When I graduated from college in 1970 with a B.A. in Psychology, I wasn’t sure what I wanted to do with my degree. I just knew I was interested in learning more about children. That fall, I headed to Tufts to begin a graduate program in Child Development at the Eliot-Pearson Department of Child Study. One of the first people I met was Dr. Evelyn Pitcher, who was in charge of the department then. I was 21, ready to learn, and became immediately in awe of Dr. Pitcher. In addition to being so knowledgeable about young children, she was such a gracious lady.
I loved being at Tufts and loved studying at Eliot-Pearson even more. I didn’t realize until a few years later how much Eliot-Pearson and Dr. Pitcher shaped my future and influenced my life. I discovered all about how children develop from her and learned how to assess young children (via the Arnold Gesell scales) for the first time. I explored creativity with Sylvia Feinburg and can never again look at a coloring book in the same way. I was lucky to have many conversations with Eliot-Pearson faculty because I received financial aid from Tufts that required some work hours in the department. I was immersed in Eliot-Pearson and I loved every minute of it. My general interest in children became a true love for early childhood education and an endless fascination with how children develop.
Although I had majored in Psychology and some of my Tufts colleagues were completing a thesis to earn an M.A., some were planning to student teach and graduate with an M. Ed. Writing a thesis didn’t sound like as much fun as teaching, so I pursued an M.Ed. I student taught at the Children’s School and remember that it wasn’t my best performance, but the guided experience told me that I wanted to teach. I made it through student teaching and I made it through the final comprehensive exam.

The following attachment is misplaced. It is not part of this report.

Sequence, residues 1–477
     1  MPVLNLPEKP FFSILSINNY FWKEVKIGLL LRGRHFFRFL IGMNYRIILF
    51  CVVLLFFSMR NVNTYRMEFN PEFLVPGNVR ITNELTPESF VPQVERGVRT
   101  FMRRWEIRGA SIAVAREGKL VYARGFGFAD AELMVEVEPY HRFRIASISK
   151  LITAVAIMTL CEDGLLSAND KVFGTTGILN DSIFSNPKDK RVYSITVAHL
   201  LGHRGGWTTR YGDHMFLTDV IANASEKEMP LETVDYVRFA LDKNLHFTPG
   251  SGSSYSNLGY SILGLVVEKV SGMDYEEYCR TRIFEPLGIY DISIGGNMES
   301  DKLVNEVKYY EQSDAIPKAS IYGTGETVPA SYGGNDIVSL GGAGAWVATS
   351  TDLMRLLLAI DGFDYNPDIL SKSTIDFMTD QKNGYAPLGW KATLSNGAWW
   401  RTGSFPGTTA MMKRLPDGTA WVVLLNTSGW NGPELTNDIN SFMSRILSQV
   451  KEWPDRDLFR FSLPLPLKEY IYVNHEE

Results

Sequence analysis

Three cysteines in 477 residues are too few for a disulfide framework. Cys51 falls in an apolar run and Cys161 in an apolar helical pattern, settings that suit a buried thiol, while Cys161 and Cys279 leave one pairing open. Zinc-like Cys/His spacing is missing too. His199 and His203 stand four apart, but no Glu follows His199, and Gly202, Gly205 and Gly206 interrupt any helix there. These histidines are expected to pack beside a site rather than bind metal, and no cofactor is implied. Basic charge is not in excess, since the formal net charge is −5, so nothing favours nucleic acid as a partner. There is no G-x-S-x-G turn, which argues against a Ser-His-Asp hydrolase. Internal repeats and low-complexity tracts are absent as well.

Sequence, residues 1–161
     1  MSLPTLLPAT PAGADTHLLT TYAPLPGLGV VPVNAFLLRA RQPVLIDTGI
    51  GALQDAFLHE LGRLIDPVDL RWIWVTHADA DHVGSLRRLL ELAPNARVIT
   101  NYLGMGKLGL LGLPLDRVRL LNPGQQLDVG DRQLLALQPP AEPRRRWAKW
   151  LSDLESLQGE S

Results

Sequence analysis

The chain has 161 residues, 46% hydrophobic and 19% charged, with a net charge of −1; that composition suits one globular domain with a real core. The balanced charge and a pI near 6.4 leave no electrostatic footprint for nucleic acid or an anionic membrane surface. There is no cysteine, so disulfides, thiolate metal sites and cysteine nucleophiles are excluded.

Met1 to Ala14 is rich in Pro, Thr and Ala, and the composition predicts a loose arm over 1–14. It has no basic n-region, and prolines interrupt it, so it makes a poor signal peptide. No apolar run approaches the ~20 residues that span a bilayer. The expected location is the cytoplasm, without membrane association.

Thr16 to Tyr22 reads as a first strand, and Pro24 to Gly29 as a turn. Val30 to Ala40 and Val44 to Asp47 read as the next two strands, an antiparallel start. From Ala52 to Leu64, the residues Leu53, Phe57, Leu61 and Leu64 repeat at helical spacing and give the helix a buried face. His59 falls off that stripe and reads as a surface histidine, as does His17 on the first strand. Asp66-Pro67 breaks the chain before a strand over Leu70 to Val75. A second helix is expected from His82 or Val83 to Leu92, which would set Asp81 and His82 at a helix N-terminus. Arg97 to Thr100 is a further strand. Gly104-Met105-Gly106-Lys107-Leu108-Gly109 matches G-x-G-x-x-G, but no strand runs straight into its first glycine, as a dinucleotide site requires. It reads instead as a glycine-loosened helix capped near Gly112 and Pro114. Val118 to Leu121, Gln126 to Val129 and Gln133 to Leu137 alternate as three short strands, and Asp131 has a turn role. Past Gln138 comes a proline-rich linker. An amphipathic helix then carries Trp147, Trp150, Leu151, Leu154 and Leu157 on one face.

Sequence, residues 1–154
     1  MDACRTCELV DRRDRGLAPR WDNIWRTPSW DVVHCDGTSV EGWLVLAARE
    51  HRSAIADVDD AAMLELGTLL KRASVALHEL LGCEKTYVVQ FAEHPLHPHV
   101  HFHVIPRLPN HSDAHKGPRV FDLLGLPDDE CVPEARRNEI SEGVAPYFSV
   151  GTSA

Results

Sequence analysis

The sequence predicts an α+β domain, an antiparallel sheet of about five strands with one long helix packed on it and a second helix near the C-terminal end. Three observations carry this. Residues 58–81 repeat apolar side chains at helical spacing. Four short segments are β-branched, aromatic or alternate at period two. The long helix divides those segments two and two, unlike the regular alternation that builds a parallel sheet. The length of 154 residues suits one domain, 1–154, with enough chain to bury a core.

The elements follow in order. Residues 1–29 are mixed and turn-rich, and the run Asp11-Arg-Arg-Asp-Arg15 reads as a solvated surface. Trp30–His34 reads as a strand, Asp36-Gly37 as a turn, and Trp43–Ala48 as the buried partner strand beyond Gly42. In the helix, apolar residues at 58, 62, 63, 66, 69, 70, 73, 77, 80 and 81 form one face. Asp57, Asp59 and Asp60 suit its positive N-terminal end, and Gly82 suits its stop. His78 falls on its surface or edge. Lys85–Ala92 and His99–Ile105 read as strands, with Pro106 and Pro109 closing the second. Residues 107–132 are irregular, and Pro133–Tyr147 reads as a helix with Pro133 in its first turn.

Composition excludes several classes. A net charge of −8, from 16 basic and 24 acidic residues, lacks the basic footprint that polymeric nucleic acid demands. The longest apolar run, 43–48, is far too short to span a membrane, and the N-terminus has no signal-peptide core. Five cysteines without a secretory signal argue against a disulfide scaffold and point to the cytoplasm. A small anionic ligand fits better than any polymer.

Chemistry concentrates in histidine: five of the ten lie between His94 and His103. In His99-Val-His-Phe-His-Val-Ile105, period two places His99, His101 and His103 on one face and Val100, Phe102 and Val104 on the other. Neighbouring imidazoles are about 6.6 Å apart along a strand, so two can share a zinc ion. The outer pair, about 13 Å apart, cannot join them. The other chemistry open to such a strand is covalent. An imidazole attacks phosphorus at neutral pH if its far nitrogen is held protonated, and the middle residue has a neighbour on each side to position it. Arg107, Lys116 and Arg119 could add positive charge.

I graduated a year and a half after I began, ready to start my career in teaching. It was January; I had a graduate degree and Massachusetts teacher certification, but no job. After several weeks, I was running out of money and when I was just about to give up and take any job that would pay the rent, I got a call from Dr. Pitcher. She knew of a job that she thought I would like. The job was teaching young children from low-income families in a federally funded program called Home Start. It was in Haverhill, a long ride from where I lived in Cambridge, but it was a teaching job. She was right. I liked the job and they hired me. I taught in Home Start until I married my husband, Rich, and left Massachusetts a few years later so he could begin his medical career (he is a Tufts Medical School graduate).
It’s been almost 40 years since I earned my degree at Eliot-Pearson, but Eliot-Pearson stays with me and always will. The fascination with how young children learn that the faculty sparked in me has grown. I went on to teach general and then special early childhood education in both private and public schools for many, many years. An appreciation for the uniqueness of each child began in 1970 at Eliot-Pearson and remains deeply embedded within me.
I have also proudly and joyously parented three children. My son, Zach, is a graduate of Tufts as well. I appreciated each of my children as distinctly different while they were growing up and still appreciate their uniqueness as adults. I can’t help but credit Eliot-Pearson with an abiding appreciation for the wonders of childhood. My children used to tease me as they were approaching adulthood that I would become the grandma who bought educational toys, just as I had done with each of them. It was a self-fulfilling prophecy!
I completed an Ed.D. a decade ago but gave up teaching little ones only five years ago. My knees got a little too creaky to keep getting eye-to-eye with four-year-olds. Now I teach future teachers at Brenau University in Georgia, where I have lived for almost thirty years. Eliot-Pearson shaped both my professional and personal life and I will always cherish my days at Tufts. I will never forget Dr. Pitcher and how much she taught me about the wonders of children and how they grow.